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- Archival Film Flashes Back to 70s Student Life
- Manuscript Traces SFU's Architectural History
- Early University News Publications Now Digitally Available
- Digitized Programs Commemorate SFU’s Opening & Installation Ceremonies
- Archives Celebrates Fall Convocation with Release of Digitized Programs
- Films Capture Visual History and Sentiment of Time Gone By
- Lost and Found: Simon Fraser Letters
- Oral History Provides Glimpse into Mind of SFU’s First Chancellor Gordon Shrum
- Early SFU Photos Tell a Story That Frames Our World
- Aerial Photos Capture Campus Landscape & Photographer’s Legacy
- You have what...?!! and other interesting things you didn't know about the SFU Archives
- Charting the course of history: documenting SFU's early days from the student perspective (Part 1)
- Charting the course of history: documenting SFU's early days from the student perspective (Part 2)
- Helping others find their history in the future: Preserving the records of the Students of Caribbean and African Ancestry at SFU
- Preserving the sparks of global revolution in the Adbusters Media Foundation fonds
- Reflections of a co-op student
- Debunking popular myths and conspiracies with the Barry Beyerstein fonds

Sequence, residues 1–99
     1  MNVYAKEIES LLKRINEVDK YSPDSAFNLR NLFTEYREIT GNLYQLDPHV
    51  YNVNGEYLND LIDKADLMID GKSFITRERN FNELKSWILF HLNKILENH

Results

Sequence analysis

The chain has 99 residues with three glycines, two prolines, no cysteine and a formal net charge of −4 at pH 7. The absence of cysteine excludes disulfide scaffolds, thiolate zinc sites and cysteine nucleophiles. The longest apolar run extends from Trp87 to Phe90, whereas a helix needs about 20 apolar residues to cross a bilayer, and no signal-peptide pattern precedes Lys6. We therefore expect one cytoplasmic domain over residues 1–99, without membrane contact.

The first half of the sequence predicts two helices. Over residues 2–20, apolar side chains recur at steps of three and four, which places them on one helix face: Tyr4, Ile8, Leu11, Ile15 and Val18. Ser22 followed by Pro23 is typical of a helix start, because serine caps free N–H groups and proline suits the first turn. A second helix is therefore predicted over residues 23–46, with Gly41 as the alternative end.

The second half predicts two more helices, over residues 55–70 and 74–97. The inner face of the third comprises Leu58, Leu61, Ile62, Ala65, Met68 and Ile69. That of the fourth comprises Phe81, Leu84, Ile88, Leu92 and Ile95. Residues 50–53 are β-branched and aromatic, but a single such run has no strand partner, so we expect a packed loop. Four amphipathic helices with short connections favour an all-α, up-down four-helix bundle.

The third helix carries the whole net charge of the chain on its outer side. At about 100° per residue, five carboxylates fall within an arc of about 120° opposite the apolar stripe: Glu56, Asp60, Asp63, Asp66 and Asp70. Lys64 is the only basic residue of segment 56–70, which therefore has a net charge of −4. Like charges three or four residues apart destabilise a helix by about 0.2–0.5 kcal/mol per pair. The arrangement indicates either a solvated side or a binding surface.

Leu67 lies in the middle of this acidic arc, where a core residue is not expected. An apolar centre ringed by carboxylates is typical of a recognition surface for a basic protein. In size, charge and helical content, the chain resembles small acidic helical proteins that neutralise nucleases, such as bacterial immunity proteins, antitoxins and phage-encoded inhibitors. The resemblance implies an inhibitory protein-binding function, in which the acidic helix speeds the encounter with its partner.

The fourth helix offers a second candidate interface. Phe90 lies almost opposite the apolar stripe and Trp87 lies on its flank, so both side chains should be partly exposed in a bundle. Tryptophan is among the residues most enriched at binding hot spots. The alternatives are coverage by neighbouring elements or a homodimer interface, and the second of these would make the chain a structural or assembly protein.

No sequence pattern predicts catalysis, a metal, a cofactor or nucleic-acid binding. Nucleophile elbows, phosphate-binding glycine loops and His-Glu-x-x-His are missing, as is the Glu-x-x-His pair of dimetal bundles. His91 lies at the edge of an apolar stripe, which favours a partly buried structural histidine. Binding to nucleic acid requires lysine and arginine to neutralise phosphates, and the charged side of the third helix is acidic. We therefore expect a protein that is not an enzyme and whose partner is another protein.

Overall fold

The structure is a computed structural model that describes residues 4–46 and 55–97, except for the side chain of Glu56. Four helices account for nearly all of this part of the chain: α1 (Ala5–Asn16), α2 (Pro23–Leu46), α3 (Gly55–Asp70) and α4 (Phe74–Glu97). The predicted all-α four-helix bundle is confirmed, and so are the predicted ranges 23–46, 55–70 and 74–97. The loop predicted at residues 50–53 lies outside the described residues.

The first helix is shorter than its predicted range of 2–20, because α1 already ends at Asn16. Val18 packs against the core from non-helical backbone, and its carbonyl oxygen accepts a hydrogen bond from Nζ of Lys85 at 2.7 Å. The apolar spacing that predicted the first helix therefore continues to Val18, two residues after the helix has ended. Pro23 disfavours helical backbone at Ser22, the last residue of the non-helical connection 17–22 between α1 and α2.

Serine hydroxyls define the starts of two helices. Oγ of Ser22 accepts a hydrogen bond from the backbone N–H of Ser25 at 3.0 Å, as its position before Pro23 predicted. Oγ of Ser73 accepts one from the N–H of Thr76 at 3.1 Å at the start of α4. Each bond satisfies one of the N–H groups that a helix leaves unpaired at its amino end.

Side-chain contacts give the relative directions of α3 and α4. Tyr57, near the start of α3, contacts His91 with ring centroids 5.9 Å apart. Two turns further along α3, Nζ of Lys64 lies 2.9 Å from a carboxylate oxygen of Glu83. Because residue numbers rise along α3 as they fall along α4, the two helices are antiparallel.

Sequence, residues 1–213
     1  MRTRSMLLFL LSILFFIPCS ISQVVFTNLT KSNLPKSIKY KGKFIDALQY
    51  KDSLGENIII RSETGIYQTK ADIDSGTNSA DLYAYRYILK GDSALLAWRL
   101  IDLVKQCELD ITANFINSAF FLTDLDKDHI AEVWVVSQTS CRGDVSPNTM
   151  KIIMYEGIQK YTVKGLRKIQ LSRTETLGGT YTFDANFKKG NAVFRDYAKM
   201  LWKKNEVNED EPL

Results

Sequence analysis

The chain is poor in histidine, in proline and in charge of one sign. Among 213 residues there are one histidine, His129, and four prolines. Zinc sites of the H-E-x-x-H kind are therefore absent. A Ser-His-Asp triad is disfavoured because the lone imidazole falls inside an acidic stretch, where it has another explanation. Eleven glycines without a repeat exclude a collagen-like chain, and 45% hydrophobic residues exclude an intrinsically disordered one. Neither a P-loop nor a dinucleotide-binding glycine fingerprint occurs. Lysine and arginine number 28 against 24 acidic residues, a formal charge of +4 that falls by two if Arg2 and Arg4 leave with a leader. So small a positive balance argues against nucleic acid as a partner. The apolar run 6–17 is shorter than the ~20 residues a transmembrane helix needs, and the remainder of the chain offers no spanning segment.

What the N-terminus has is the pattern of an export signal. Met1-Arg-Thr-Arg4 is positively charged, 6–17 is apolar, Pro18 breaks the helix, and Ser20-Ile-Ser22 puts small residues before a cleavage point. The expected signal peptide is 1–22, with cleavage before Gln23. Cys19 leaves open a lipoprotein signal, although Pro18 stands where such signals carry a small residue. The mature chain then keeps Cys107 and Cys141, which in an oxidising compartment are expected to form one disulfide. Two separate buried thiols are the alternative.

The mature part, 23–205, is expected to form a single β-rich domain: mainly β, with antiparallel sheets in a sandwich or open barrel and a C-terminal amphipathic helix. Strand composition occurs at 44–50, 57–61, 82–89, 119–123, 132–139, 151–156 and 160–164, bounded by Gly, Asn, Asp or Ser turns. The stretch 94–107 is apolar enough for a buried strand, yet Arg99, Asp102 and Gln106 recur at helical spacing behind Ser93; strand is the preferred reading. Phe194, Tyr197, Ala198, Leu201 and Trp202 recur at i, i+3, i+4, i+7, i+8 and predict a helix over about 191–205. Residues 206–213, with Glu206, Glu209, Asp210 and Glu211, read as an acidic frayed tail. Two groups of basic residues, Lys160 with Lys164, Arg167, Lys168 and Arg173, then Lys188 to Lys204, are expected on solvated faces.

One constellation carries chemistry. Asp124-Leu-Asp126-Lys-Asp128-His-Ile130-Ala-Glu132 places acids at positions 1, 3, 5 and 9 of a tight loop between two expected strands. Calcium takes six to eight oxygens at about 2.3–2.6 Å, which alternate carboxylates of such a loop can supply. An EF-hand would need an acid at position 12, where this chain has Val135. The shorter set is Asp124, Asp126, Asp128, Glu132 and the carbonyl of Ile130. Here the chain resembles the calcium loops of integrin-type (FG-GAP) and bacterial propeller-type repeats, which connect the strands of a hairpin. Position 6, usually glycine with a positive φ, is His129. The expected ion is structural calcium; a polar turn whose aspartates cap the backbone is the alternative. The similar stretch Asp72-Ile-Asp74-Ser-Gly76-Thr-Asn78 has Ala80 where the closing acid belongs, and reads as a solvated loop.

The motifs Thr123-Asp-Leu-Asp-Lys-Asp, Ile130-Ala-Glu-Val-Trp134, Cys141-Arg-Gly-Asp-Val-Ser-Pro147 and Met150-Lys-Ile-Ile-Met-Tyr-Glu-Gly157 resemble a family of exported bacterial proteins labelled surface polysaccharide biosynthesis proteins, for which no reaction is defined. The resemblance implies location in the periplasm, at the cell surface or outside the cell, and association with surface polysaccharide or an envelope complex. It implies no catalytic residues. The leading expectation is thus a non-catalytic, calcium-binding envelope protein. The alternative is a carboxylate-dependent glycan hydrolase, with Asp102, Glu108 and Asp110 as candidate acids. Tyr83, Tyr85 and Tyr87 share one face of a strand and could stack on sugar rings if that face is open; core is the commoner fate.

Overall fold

- In "The Beginning...": First student film returns to SFU
- "Got any pictures of Terry Fox?"
- My summer in the archives: a co-op placement retrospective
- Seeing the world through Arthur Erickson's eyes
- Beer (records) in the Archives!
- Quartet in the Quadrangle: PSQ Records Come to SFU
- Navigating silences and filling gaps: finding Black stories in the Archives
HOW TO CONDUCT RESEARCH AT THE ARCHIVES
Archives are full of unique, unpublished material in a variety of media not available anywhere else in the world. Archival research holdings must be used onsite and handled with special care.
Interested in provincial history, women’s issues, or social activism? We keep a wide range of archival material in our specially designed vault and provide access to it in our Reading Room. Follow along to learn how to conduct research at the Archives.
Step 2: Prepare to work in the Reading Room
When coming to do research, be prepared to:
- Complete a one-time researcher registration form.
- Provide information about your local and permanent residence and to show some form of photo identification.
- Set up Eduroam while you are still at your home insititution so that you can access SFU wifi during your visit. If you have trouble, please contact firstname.lastname@example.org. If you are unaffiliated with an institution, you can use a designated workstation or your personal phone data to access internet in the Reading Room.
You must use the materials on-site, so allow time to take notes by hand or by laptop computer. Archives staff can perform limited photocopying services for files and documents of especial interest.
For specialized documents, you may need to schedule your session in advance.
Reading Room Hours
Monday: by appointment
Tuesday: 9:00 a.m. - 4:00 p.m.
Wednesday: 9:00 a.m. - 4:00 p.m.
Thursday: 9:00 a.m. - 4:00 p.m.
Friday: 9:00 a.m. - 4:00 p.m.
Before your visit
During your Visit
In order to use an SFU wifi connection, you will need to set up Eduroam while you are still at your home institution.
Researchers unaffiliated with an institution can access the internet through a designated workstation or their personal phone data.